So, to conclude, remember that, if you have Christ as your Saviour, you do not need anybody else to save you. I see an old gentleman, over there in Rome, with a triple crown on his head. We do not want him, for “Christ is all.” He says that he is the vicegerent of God; that is not true; but if it were, it would not matter, for “Christ is all,” so we can do without the Pope. Then I see another gentleman, with an all-round dog collar of the Roman kennel type; and he tells me that, if I will confess my sins to him as the priest of the parish, he can give me absolution; but, seeing that “Christ is all,” we can do without that gentleman as well as the other one; for anything that is over and above “all” must be a superfluity, if nothing worse. So is it with everything that is beside or beyond Christ; faith can get to Christ without Pope or priest. Everything that is outside Christ is a lie, for “Christ is all.” All that is true must be inside him, so we can do without all others in the matter of our soul’s salvation.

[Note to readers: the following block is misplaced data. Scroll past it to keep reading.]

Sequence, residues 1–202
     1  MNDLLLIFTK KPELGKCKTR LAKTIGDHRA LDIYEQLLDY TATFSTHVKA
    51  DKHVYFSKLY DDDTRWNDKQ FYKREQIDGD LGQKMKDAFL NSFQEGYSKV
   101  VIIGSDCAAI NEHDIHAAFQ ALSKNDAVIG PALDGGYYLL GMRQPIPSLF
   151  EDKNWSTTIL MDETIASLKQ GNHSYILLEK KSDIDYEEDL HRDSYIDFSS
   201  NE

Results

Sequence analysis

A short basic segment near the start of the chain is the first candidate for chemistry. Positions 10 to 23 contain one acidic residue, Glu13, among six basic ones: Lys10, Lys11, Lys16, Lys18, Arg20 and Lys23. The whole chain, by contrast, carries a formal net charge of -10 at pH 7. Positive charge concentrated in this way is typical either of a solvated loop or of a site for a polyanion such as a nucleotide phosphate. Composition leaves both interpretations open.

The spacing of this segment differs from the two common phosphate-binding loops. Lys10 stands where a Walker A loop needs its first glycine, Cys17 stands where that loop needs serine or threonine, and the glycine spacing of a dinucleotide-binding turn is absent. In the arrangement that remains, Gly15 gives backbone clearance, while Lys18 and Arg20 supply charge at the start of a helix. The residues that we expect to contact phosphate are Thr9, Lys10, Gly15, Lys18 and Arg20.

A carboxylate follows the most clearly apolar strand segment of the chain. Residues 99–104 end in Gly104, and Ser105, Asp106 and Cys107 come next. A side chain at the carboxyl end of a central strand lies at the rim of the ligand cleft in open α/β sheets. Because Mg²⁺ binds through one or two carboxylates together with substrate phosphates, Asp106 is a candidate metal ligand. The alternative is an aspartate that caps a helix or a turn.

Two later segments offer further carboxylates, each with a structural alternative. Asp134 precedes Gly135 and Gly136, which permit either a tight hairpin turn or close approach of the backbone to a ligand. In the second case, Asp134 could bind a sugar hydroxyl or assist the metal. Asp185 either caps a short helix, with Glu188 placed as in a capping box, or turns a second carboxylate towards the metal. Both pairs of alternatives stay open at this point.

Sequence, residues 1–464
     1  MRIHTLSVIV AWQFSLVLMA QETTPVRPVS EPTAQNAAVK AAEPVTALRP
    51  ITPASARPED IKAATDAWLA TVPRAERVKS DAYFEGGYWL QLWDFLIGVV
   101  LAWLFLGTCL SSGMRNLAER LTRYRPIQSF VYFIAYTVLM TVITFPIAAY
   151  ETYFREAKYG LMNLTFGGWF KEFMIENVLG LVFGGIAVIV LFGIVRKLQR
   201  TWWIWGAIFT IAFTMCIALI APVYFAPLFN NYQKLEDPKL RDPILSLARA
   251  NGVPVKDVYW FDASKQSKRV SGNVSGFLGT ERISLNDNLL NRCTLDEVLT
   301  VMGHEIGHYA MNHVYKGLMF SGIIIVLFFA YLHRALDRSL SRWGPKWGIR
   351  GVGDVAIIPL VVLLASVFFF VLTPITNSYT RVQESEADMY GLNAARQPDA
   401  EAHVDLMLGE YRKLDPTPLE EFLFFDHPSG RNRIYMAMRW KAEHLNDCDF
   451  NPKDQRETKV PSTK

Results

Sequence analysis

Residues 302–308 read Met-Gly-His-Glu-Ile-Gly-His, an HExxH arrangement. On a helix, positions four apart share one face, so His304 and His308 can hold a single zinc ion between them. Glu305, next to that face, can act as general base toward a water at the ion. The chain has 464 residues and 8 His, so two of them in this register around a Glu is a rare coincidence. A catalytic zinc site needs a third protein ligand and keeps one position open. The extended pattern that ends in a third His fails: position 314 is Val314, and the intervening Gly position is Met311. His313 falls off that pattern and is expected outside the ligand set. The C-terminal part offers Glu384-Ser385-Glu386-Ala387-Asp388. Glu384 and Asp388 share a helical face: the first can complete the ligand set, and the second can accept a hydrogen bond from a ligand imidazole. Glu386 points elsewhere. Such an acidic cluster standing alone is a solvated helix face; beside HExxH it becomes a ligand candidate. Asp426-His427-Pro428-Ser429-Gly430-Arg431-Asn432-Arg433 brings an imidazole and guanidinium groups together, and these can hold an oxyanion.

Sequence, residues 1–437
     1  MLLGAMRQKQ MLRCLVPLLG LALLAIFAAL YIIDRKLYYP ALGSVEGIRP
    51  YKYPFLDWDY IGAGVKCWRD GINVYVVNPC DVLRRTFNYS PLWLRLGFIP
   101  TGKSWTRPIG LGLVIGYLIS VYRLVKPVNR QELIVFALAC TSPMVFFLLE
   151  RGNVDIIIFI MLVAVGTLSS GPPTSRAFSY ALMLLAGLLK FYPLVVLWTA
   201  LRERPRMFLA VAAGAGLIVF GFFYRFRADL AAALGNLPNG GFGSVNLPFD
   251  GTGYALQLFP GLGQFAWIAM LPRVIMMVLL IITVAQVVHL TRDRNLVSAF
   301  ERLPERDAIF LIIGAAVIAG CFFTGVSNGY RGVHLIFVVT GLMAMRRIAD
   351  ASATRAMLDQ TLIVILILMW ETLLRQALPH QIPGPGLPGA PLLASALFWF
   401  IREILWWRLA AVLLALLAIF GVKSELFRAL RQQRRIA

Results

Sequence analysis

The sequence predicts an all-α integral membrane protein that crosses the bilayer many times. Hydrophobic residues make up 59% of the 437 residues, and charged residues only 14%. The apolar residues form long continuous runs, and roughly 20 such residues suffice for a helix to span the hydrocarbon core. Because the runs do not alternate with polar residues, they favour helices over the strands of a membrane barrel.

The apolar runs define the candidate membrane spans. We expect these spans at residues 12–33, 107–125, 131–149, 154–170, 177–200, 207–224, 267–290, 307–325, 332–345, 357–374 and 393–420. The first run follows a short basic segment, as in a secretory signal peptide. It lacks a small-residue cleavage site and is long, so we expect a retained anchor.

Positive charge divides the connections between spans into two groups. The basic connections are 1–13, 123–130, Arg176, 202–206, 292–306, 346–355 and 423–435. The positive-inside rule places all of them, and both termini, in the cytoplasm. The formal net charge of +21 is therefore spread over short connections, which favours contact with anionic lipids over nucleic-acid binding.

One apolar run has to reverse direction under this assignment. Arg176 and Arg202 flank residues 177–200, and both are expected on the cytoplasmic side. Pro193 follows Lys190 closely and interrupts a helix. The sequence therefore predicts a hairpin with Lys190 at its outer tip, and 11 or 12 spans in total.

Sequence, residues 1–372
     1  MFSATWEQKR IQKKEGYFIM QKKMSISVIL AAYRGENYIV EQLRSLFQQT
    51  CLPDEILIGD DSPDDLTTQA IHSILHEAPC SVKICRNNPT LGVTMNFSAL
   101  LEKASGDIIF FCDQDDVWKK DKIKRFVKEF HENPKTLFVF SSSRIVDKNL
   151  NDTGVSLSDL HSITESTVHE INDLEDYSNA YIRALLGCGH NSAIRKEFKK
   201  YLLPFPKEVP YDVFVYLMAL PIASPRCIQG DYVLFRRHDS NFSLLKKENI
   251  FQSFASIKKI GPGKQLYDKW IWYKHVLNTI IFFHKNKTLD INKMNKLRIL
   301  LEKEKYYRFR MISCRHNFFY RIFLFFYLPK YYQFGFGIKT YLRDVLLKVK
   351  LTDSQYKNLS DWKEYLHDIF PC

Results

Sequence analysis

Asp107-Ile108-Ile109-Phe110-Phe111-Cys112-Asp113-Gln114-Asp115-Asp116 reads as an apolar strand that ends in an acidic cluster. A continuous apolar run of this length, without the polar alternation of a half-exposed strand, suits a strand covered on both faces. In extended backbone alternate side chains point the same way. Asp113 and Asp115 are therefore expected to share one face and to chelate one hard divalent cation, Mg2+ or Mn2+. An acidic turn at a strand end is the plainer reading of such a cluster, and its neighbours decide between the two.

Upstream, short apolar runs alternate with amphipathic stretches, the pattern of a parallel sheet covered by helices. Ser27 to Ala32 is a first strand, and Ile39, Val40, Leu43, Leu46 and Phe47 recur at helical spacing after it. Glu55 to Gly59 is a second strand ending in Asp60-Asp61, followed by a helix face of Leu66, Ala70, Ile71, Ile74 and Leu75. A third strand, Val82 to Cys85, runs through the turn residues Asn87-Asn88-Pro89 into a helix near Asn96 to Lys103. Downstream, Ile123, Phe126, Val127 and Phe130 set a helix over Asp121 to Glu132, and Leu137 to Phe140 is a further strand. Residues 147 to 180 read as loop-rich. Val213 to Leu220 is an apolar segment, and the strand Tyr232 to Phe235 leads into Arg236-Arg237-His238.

But supposing that we have not received Christ as our Saviour, then how unspeakably poor we are! If we have not grasped Christ by faith, we have not laid hold of anything, for “Christ is all;” and if we have not him who is all, we have nothing at all. “Oh!” says one, “I am a regular chapel-goer.” Yes; so far, so good; but if you have not Christ, you have nothing, for “Christ is all.” “But I have been baptized,” says another. Ah! but if you have not savingly trusted in Christ, your baptism is only another sin added to all your others. “But I go to communion,” says another. So much the worse for you if you have not trusted in Christ as your Saviour. I wish I could put this thought into the heart of everyone here who is without Christ,—nay, I pray the Holy Spirit to impress this thought upon your heart,—if you are without Christ, you are without everything that is worth having, for “Christ is all.”